What Did the Caveman Really Eat
There are a lot of theories out there saying that we should eat like the cavemen ate. The idea behind diets like the Paleo diet is that modern food is not ideal for the human body, and we can get healthier if we only eat the kinds of foods that would have been available to our prehistoric ancestors. But if we really want to eat the same foods that early humans did, then we actually need to know what caveman food really looked like.
This information can help us to understand if we should be eating more meat and going more carnivore, if we should tend towards veganism, or if somewhere in between is healthiest. So let’s take a closer look at what caveman food actually was, how the caveman really ate, and what I’d recommend as far as a balanced, nutritious diet.
In this article, I will cover:
- The evidence that caveman food included both plants and animals.
- More evidence that we should be eating plant and animal foods.
- The bottom line.
Let’s start by looking at recent evidence from archeologists who studied what the cavemen ate 780,000 years ago.
Studies show caveman food included plants and animals
A few years ago, a study came out highlighting interesting findings from several archeologists investigating a site in northern Israel. The findings provided evidence for what humans ate 780,000 years ago, helping us to answer the question “What did the caveman really eat?”
They found that humans ate a combination of both plants and animals.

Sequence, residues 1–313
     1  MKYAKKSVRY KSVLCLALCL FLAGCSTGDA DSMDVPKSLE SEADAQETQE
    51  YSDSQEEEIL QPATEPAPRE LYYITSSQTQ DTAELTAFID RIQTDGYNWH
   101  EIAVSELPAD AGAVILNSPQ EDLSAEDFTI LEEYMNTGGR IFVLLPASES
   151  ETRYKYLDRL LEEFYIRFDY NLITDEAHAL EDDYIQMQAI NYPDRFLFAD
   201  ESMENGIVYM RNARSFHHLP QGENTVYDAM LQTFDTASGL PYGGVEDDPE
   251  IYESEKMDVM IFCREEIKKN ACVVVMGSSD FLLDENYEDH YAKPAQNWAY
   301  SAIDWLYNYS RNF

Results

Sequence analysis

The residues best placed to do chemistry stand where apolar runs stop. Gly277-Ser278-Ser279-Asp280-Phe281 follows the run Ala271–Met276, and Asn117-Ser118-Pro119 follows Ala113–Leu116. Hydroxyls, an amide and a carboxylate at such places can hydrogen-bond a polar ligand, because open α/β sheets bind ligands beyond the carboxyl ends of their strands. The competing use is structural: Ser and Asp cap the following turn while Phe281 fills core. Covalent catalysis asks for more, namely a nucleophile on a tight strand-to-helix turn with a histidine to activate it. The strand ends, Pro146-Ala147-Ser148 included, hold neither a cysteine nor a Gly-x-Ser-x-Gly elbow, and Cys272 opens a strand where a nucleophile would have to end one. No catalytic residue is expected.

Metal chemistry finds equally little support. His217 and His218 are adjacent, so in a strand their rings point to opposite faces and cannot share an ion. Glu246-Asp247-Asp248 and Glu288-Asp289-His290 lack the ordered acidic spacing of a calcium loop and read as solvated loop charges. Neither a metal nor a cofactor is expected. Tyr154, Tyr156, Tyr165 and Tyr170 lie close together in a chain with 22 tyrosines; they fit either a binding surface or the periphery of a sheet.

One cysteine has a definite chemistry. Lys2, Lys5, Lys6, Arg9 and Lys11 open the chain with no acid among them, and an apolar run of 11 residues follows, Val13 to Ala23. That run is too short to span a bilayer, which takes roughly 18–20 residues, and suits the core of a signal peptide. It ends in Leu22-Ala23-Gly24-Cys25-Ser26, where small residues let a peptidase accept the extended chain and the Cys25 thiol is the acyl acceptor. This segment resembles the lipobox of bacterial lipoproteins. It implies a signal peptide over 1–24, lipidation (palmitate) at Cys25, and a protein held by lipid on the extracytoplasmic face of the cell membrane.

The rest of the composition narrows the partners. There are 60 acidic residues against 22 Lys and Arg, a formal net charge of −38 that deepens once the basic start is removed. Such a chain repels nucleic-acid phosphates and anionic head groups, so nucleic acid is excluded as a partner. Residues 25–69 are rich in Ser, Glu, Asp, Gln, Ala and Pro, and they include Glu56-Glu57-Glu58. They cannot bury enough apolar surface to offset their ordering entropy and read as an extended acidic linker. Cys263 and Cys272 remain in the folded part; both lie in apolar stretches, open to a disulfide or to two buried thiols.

Specifically, they found that humans consumed a large range of plants, including things like:
- Thistle seed
- Water lilies
- Water chestnuts
- Some seasonal fruit
They also found that humans ate animal products, such as:
- Whole animals
- Elephant brains
In other areas of the world, findings have shown that cavemen ate whatever they could find, including insects, milk, fat from seals, and much more.
This evidence shows us that our ancestors ate both plants and animals. So if we are looking to eat foods that our bodies adapted to eat long, long ago, then a combination of plants and animals is probably best.
More evidence that we need both plants and animals in our diet
It isn’t just archeological evidence from what the cavemen ate that suggests a combination of animal and plant foods is best. We can also come to that same conclusion if we look at how our bodies are designed and the nutrients we require in our diets.
Here are some of the other factors that suggest a balanced diet of plants and animals is preferred.
1.Our nutritional needs
There are certain nutrients we need in our diets that the body cannot make. These are considered “essential,” meaning that we must we get them from our diets in order to survive and stay healthy.
These essential vitamins and nutrients come from a variety of food sources, both plant, and animal. Here are some examples:
- Vitamin C. The body cannot make its own vitamin C, so we depend on our food to get it. Vitamin C comes from plant-based foods such as leafy greens, bell peppers, sauerkraut, cabbage, and more. If we don’t eat these plants, we cannot get the vitamin C we need to stay healthy.
- Vitamin B12. Vitamin B12 is another vitamin we have to get from the foods we consume. Unlike vitamin C which comes from plants, vitamin B12 comes primarily from animal products. It is highest in things like meat, poultry, fish, and dairy. Vegan sources of B12 are much harder to come by. This indicates that we need to consume animal products for optimal health.